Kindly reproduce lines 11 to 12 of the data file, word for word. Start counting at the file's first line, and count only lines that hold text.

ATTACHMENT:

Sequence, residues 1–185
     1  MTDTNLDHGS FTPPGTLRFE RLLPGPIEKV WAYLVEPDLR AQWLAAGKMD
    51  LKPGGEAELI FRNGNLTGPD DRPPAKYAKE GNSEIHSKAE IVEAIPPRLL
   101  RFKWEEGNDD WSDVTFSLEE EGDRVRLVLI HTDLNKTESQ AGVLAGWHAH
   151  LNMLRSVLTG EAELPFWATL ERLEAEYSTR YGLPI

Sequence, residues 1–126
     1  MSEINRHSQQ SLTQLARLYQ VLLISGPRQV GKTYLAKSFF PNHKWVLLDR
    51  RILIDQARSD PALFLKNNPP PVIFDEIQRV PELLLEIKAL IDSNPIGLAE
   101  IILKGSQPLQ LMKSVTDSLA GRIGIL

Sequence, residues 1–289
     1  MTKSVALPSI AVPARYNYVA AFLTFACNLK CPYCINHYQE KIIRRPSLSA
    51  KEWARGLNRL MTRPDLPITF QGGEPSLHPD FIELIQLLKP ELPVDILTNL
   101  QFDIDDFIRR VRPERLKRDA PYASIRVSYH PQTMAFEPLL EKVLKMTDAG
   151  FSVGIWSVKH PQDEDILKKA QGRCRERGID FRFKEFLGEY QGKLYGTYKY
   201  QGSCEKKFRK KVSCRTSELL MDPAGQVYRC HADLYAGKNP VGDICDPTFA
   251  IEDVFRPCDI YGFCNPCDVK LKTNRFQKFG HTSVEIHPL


     1  MTKSVALPSI AVPARYNYVA AFLTFACNLK CPYCINHYQE KIIRRPSLSA
    51  KEWARGLNRL MTRPDLPITF QGGEPSLHPD FIELIQLLKP ELPVDILTNL